Drug makers reported $661 million in US sales of anti-anxiety drugs last year, according to IMS Health. Most psychiatrists see that as evidence people suffering from mental illness are getting help. On Thursday the Pharmaceutical Research and Manufacturers of America issued a report touting the many drugs being developed for mental illnesses, including 26 for anxiety.
"When anxiety symptoms impair a person's functioning, what's so bad about helping them get back to a normal state and using medication if appropriate?" asked Robinowitz.
The message that what used to be considered part of the human condition is pathological is getting through, at least to some people.
James Heaney, 44, told his family physician in 2000 that he often felt shy or mildly depressed in social situations—“like I saw on the TV commercial" telling viewers to "ask your doctor" about social anxiety.
"There was no in-depth evaluation of my symptoms," said Heaney, then a network administrator for a school district near Rochester, New York. After a 10-minute interview, he had a diagnosis of "mild social anxiety" and a prescription for Paxil.
"For such a powerful drug," he said, "it was remarkably easy to get."
Research over the past decade shows that feeling anxious is how the brain's emotion centers send signals to its thinking centers that something is amiss.
For instance, it is normal to be anxious over a sick child, a loved one's illness, unemployment or other setbacks in life, said New York University sociologist Jerome Wakefield, co-author of "All We Have to Fear."
"The feeling of anxiety tells you something poses a threat, which can motivate you to stay vigilant"—about, say, a change in a sick child's symptoms," he said.
In the Paleolithic era, when our prehistoric ancestors lived in small clans, how people were viewed by strangers and kin could determine survival. So when people fret over going to a party, giving a speech or otherwise subject themselves to judgment, it reflects an adaptive response to the millennia-old need to be attuned to other people's disapproval, researchers say. Anxiety about public speaking accounts for about half the diagnoses of social anxiety disorder.
"There is great evolutionary and survival value in anxiety, which makes it difficult to identify as an illness or pathology," said psychologist Frank Farley of Temple University.
Anxiety was working properly among survivors of Hurricane Katrina, Wakefield and Horwitz contend. Years after the devastating 2005 storm, schools, housing, policing and other aspects of life in New Orleans had still not returned to normal. Using DSM criteria, a 2007 study concluded that half the surviving residents were "mentally ill" because they experienced anxiety about those lingering effects.
"If you survived Katrina, anxiety is not a sign of mental illness; it's the brain working as it should," said Wakefield. Such emotions can spur survivors to agitate for rebuilding neighborhoods, he said.
Another concern is that by labeling normal human variation - being more anxious, fearful or worried than the average person - a mental illness, psychiatry is venturing into social control.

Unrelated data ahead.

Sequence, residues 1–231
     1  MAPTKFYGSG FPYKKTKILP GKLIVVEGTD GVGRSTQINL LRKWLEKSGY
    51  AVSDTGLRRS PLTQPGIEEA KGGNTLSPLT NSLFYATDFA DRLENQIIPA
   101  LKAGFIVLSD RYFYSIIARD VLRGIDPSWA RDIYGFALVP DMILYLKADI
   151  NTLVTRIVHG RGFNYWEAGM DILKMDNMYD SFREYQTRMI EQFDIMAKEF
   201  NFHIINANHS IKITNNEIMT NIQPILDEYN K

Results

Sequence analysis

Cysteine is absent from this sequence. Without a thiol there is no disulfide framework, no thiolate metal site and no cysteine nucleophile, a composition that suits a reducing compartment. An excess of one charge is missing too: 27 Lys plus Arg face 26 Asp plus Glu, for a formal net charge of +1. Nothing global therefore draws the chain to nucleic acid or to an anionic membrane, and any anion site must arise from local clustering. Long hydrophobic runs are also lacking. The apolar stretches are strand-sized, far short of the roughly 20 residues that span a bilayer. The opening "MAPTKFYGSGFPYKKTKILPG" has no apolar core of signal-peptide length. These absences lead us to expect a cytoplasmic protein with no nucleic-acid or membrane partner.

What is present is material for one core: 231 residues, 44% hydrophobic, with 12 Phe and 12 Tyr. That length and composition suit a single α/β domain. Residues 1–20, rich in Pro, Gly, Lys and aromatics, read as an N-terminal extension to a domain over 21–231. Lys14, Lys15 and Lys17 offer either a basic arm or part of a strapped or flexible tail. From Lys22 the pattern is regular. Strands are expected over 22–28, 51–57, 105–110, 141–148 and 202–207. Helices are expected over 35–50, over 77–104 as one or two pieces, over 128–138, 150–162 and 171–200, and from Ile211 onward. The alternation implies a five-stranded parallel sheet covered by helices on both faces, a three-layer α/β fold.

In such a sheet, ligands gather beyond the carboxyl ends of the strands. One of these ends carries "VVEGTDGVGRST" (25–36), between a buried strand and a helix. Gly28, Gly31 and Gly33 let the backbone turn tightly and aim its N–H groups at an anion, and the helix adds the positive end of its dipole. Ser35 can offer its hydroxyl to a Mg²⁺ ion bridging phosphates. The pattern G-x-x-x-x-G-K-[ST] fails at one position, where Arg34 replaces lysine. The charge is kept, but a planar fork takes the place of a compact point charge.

"To suggest that anyone who's afraid to speak in front of hundreds of strangers has a mental illness creates social pressure to change," said Wakefield. "And that pushes psychiatry away from medicine and into enforcing social values."
In retrospect, Marla Royce (who asked that her real name not be used) thinks her brain's anxiety system was working as evolution intended. A successful Texas novelist, she was upset about the death of her father in 2004. Her anxiety was compounded when her publisher did not promote her new book, leading Royce to worry that her writing career was over.
"It was just garden-variety situational anxiety," she says now about the agitation and disorientation she felt.
Royce said she went along "trustingly and blithely" when a family physician diagnosed her with GAD.
"He said the pharma sales rep had just left some samples, so he gave me Lexapro," to which a psychiatrist added Paxil, Xanax and Klonopin.
She became dependent on the drugs, taking ever-higher doses. Her psychiatrist told her that "was proof my anxiety disorder was out of control and that I would have to be medicated for life.
" She suffered "steadily declining mental and physical health" until she stopped the meds five years ago and shared her story with the online support group PaxilProgress.
James Heaney's shyness turned to numbness on Paxil. "It made me insular and non-responsive to my friends and family," he said.
"My mood became very variable," and co-workers told him they felt uncomfortable asking him for computer help as they once did "because they weren't sure which James they would get."
He weaned himself off psychiatric drugs in 2011. The social anxiety he still occasionally feels "is a relatively easy problem to deal with," he said.
For Cynthia Craig, the drugs she was prescribed triggered "excruciating anxiety symptoms like I had never experienced in my entire life."
"I told my doctor I don't want to be on anything," she said. "My anxiety is predictable and something I can handle."